The role of glutathione s-transferases as a defense against reactive electrophiles in the blood vessel wall

Nong Gao He, Sanjay Awasthi, Sharad S. Singhal, Margaret B. Trent, Paul J. Boor

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Abstract

The glutathione transferases (GSTs) are a family of ubiquitous enzymes that catalyze the conjugation of reduced glutathione (GSH) with reactive electrophiles. Rat vascular tissue contains GST isoforms that represent a major cellular defense mechanism against atherogenic α,β-unsaturated aldehydes (Misra et al., Toxicol. Appl. Pharmacol. 133, 27-33, 1995). In this study we examined the role of GSTs in providing protection to cultured neonatal vascular smooth muscle cells (VSMCs) from the α,β-unsaturated carbonyl cardiovascular toxins, allylamine and its metabolite, acrolein. Confluent cultured cells were exposed to 2 to 10 μM allylamine (a cardiovascular toxin that is metabolized in vivo and in vitro by VSMCs to the reactive aldehyde, acrolein) or to acrolein (2-10 μM) for 48 h; dose- cytotoxicity curves were generated utilizing a tetrazolium-dependent cytotoxicity assay. Concommittant treatment with sulfasalazine, an established inhibitor of GST, was found to markedly increase allylamine- or acrolein-induced cytotoxicity, decreasing the LC50 by two- to threefold at 50 to 100 μM sulfasalazine. A clonogenic survival assay in VSMCs exposed to these compounds for 4 h confirmed lethal toxicity and enhanced toxicity following cotreatment with sulfasalazine. Isobologram analysis (which statistically defines the limits of additivity of two independent treatments) showed that the sulfasalazine effect on both allylame and acrolein cytotoxicity was supraadditive, or synergistic. Sulfasalazine was not cytotoxic to VSMCs in the range of concentrations that augmented acrolein or allylamine cytoxicity; total GST activity was inhibited, however, in a dose- dependent manner in that range. GST purified by GSH-affinity chromatography from pelleted untreated cells gave specific activities and kinetic constants consistent with those previously reported for rat aorta total GSTs. The catalytic efficiency (K(cat)/V(m)) was found to be much greater for 4- hydroxy-2-nonenal than for 1-chloro-2,4-dinitrobenzene (0.058 vs 0.4 s-1 mM-1). Western blot of purified total GSTs using antibodies against rec- mGSTA4-4 revealed a single band at 25 kDa, confirming the presence of a GST isozyme immunologically similar to rat GST8-8, which is known to utilize α,β-unsaturated carbonyls as preferred substrates. Our data indicate that GSTs are an important defense in the vascular media, protecting blood vessels against α,β-unsaturated carbonyl cardiovascular toxins that are involved in initiating atherosclerotic lesions.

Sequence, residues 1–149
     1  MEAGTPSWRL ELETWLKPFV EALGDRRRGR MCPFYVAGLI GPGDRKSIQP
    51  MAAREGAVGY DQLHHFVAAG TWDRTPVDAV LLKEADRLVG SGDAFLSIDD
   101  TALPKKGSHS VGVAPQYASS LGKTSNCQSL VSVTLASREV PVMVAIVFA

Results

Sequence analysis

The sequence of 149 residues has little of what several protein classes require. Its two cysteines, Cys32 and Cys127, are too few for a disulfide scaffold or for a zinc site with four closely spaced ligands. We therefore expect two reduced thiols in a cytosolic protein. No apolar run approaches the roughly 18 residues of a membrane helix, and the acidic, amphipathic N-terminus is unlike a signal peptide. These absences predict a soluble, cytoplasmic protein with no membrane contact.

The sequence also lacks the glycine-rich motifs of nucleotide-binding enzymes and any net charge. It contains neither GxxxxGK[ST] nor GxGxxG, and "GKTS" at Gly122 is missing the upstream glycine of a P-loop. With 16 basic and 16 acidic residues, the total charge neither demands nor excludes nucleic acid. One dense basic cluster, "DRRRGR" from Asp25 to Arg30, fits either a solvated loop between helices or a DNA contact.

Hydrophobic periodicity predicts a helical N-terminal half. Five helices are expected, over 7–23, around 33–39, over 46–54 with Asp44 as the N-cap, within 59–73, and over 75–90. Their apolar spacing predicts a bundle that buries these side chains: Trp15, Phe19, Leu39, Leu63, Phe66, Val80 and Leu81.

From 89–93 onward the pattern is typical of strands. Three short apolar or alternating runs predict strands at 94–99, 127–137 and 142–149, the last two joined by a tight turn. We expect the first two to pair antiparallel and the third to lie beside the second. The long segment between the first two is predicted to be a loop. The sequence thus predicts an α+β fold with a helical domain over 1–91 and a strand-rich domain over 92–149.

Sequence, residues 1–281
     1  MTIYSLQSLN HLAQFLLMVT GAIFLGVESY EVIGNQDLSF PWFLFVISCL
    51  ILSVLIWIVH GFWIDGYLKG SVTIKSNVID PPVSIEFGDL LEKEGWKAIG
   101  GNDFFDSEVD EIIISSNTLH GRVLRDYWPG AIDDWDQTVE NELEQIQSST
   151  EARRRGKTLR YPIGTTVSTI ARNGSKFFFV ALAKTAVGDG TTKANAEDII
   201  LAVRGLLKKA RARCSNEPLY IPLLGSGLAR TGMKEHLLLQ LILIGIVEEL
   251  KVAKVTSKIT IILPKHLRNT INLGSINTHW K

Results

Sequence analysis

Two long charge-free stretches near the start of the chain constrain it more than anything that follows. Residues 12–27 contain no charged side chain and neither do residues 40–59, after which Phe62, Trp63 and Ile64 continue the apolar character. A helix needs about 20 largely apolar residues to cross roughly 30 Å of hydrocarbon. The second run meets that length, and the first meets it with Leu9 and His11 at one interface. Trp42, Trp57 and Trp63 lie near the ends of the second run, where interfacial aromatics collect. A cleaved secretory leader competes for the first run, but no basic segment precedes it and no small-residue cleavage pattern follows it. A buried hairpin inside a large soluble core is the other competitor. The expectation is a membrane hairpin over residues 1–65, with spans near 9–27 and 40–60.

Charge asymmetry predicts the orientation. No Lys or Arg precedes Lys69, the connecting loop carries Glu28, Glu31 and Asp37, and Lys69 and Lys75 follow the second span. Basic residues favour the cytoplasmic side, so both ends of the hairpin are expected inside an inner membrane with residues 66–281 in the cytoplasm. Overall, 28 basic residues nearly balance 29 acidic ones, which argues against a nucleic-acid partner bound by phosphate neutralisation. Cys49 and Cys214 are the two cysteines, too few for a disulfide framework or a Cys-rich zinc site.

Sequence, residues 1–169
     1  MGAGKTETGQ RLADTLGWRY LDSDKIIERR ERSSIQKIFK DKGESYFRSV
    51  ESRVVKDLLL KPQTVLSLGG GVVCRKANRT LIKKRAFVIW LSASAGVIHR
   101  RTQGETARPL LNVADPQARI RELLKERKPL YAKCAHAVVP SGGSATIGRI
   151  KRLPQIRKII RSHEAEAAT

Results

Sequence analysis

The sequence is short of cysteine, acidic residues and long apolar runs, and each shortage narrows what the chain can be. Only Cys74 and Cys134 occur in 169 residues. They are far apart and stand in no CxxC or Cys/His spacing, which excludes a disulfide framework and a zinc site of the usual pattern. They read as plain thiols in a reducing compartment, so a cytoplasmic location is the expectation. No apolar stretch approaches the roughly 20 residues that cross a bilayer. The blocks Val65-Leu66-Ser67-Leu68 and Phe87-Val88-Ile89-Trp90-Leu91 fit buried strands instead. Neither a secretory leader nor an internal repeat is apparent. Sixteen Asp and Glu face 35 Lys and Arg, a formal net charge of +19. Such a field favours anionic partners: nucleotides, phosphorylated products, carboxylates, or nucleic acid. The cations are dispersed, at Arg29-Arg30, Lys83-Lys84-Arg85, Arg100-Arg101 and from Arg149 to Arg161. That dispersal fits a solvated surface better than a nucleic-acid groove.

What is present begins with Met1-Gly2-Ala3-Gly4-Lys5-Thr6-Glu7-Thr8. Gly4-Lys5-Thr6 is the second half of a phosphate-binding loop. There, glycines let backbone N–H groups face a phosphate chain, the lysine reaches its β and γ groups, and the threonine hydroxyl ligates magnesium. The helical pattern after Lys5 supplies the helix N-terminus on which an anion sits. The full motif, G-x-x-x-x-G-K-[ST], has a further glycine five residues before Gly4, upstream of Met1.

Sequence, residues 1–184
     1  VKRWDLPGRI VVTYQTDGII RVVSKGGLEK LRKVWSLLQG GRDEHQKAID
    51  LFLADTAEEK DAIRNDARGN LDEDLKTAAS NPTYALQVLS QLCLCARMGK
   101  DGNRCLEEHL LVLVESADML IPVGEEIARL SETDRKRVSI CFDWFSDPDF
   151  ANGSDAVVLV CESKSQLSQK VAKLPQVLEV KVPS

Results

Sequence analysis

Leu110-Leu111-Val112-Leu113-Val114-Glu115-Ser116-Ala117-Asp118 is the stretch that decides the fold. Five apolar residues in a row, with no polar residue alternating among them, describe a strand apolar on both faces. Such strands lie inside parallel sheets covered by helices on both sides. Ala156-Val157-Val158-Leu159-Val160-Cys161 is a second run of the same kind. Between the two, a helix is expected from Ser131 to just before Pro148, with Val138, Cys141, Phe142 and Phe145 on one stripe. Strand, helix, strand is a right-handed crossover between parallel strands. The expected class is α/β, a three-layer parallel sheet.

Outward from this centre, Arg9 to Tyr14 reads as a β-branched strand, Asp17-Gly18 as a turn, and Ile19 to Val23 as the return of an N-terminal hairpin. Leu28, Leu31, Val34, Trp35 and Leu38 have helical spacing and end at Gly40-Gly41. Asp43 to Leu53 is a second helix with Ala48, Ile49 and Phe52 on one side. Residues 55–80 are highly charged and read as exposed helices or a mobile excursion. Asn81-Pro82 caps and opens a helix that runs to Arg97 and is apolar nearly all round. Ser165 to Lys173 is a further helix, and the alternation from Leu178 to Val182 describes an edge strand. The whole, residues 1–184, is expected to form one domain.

Original languageEnglish (US)
Pages (from-to)83-89
Number of pages7
JournalToxicology and Applied Pharmacology
Volume152
Issue number1
DOIs
StatePublished - Sep 1998

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Acrolein
Blood vessels
Sulfasalazine
Transferases
Glutathione Transferase
Allylamine
Glutathione
Blood Vessels
Cytotoxicity
Vascular Smooth Muscle
Smooth Muscle Myocytes
Muscle
Rats
Aldehydes
Toxicity
Assays
Cells
Tunica Media
Affinity chromatography
Dinitrochlorobenzene

ASJC Scopus subject areas

  • Pharmacology
  • Toxicology

Cite this

The role of glutathione s-transferases as a defense against reactive electrophiles in the blood vessel wall. / He, Nong Gao; Awasthi, Sanjay; Singhal, Sharad S.; Trent, Margaret B.; Boor, Paul J.

In: Toxicology and Applied Pharmacology, Vol. 152, No. 1, 09.1998, p. 83-89.

Research output: Contribution to journalArticle

He, Nong Gao ; Awasthi, Sanjay ; Singhal, Sharad S. ; Trent, Margaret B. ; Boor, Paul J. / The role of glutathione s-transferases as a defense against reactive electrophiles in the blood vessel wall. In: Toxicology and Applied Pharmacology. 1998 ; Vol. 152, No. 1. pp. 83-89.
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